Contact lenses are safely used by millions of people every day, but they require some upkeep and care. Oil, debris, makeup, and microorganisms can all accumulate on them over time, and these in turn can irritate your eyes, or worse. As EyeSmart notes, because contacts sit directly on the surface of your eyes, a lens that is not properly cleaned and disinfected can increase the risk of eye infection, so good hygiene is essential! A good cleansing regimen will include some type of contact solution and/or related products and must include cleaning, disinfecting, rinsing, and properly storing the lenses.
While the plethora of solution options may seem overwhelming, know that the first and best place to start is with your eye care professional. She can recommend which products will best suit your contact lens type and your eyes, especially if you have any allergies or are prone to protein buildup. Some of the cleaning regimens may be multistep and others may be "all-in-one," but it is important to understand the role of different solutions and not confuse their use contexts.
Contact solution is a commercially prepared chemical solution for cleaning and disinfecting contact lenses. There are many types and brands, but most of them contain some kind of preservative, a binding agent, a buffer, and a surfactant or wetting agent. These elements effectively remove any buildup that has formed on the lenses without scratching them and condition the lenses so that they are moist and wet on the surface of your eyes. Lenses can safely be stored in contact solution when not in use, where they will be kept sterile and hydrated.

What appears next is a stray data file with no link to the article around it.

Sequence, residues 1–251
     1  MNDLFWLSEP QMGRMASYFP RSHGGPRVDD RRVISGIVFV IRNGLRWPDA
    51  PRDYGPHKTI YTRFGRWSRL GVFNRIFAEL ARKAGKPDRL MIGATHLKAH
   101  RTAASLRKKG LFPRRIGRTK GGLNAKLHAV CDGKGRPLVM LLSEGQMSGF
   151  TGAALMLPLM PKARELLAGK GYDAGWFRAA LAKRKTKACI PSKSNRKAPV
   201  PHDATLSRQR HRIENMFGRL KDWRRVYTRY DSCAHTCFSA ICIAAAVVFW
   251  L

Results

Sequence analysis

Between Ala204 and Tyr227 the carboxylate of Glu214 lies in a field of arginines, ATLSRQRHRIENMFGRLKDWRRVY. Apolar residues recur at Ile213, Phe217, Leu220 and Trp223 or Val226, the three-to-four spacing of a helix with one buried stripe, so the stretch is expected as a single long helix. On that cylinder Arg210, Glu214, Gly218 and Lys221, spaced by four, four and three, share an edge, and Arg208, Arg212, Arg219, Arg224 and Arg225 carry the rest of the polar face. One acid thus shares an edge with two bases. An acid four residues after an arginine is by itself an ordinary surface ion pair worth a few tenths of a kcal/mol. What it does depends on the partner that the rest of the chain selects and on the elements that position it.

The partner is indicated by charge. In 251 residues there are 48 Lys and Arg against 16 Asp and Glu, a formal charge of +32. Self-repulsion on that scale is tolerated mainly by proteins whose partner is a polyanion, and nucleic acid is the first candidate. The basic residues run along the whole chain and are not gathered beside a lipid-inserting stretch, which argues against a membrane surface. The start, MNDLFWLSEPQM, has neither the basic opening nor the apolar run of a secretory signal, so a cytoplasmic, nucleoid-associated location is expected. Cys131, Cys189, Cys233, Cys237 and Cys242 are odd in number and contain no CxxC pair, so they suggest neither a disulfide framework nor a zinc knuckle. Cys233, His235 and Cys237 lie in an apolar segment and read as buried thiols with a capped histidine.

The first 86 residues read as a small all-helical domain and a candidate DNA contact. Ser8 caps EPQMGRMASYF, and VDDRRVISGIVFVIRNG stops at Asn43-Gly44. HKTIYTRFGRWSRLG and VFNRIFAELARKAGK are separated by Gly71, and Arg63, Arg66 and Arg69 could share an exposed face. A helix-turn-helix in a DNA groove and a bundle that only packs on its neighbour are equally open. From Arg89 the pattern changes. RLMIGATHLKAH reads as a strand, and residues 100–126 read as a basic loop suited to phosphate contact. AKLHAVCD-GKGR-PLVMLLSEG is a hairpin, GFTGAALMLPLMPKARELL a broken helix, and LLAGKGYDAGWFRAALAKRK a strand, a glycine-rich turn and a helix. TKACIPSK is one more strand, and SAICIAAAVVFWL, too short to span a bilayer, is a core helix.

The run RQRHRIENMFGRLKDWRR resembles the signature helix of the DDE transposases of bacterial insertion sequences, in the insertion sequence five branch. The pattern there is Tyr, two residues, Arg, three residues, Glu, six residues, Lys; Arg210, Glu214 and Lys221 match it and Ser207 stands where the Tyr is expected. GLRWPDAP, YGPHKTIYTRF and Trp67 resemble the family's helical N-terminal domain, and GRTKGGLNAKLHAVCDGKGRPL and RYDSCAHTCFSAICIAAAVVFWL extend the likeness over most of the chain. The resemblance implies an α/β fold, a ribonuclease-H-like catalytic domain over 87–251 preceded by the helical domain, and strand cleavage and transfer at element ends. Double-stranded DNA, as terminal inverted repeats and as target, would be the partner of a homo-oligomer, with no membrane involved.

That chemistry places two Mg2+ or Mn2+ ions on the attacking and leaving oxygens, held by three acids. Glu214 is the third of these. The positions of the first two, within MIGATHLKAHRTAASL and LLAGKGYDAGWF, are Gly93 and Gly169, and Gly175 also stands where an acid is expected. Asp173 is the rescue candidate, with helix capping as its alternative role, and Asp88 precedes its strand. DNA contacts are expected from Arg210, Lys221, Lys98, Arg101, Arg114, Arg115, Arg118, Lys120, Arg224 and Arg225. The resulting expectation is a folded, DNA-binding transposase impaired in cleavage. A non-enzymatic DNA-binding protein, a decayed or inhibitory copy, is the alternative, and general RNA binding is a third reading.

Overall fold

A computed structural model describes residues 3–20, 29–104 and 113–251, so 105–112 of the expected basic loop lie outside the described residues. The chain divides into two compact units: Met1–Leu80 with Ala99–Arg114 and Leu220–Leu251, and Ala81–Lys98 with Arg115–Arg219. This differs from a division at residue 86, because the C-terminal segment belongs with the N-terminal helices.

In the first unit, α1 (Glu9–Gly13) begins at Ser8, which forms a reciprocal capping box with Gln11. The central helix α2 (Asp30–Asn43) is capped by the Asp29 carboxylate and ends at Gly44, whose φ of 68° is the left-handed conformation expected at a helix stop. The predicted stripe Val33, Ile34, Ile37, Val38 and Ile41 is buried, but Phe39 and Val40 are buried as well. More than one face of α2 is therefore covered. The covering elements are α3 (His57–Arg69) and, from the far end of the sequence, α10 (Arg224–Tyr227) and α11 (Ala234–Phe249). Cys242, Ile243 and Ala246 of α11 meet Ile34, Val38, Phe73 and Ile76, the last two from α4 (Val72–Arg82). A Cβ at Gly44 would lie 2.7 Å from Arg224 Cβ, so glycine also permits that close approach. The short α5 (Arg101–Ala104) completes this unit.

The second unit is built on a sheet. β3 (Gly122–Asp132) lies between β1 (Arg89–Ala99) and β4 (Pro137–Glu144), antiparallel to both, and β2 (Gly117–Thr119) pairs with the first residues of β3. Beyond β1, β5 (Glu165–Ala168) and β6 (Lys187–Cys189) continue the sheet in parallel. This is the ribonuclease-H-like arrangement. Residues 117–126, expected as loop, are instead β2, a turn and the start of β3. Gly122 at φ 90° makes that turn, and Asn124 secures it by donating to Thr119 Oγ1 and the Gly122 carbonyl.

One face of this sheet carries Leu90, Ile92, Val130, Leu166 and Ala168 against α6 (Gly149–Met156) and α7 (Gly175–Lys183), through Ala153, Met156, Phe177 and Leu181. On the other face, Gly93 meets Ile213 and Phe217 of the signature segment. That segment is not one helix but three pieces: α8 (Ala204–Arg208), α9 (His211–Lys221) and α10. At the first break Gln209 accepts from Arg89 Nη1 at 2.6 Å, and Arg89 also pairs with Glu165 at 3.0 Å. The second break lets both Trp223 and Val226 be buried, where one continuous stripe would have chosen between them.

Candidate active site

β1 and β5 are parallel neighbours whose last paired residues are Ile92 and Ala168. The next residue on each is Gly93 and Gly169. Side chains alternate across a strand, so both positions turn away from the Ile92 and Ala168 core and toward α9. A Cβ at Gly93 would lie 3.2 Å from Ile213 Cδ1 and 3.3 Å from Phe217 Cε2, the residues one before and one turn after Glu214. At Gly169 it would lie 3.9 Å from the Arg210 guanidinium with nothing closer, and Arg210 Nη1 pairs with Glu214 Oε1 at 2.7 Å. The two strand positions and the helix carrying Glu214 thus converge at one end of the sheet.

Saline solution is a simple, pH-balanced saltwater solution that can be used to rinse off your lenses before inserting them. It is important to note that saline solution does not contain any cleansing agents, however, so it should never be used to try to clean, disinfect, or store your lenses. If your eye care provider has suggested that you use a saline solution as part of your lens-cleaning regimen, be sure to buy a commercial preparation that has been approved for contact lens use. Never attempt to make your own mixture at home, as EyeSmart has noted that such DIY versions have been linked to serious corneal infections.
In the early days of contacts use, it was common to have multiple steps involved in lens care, including separate solutions and products to rinse, clean, disinfect, neutralize, and remove proteins. Today, many people use a single, multipurpose contact solution that can perform all the steps in one go and eliminates the need for a saline solution rinse. The multipurpose solution appears to save both time and money, but it may not be suitable for everyone; always consult your eye care professional first before investing in-or switching to-any particular brand, format, or solution type(s).
Here are a few additional tips from the Mayo Clinic to help you practice good contact lens care:
- Contact lens solution products have expiration dates; keep an eye on the bottle you're using and discard it once it's past due. Lens cases shouldn't be used indefinitely either, so replace them every three to six months.
- Even if you use a "no-rub" contact solution, it's still advisable to rub your lenses gently between your fingers with the solution before rinsing for a more effective cleansing.
- Never use water or - heaven forbid - your own saliva to try to moisten your lenses; use only the products recommended by your eye care provider.
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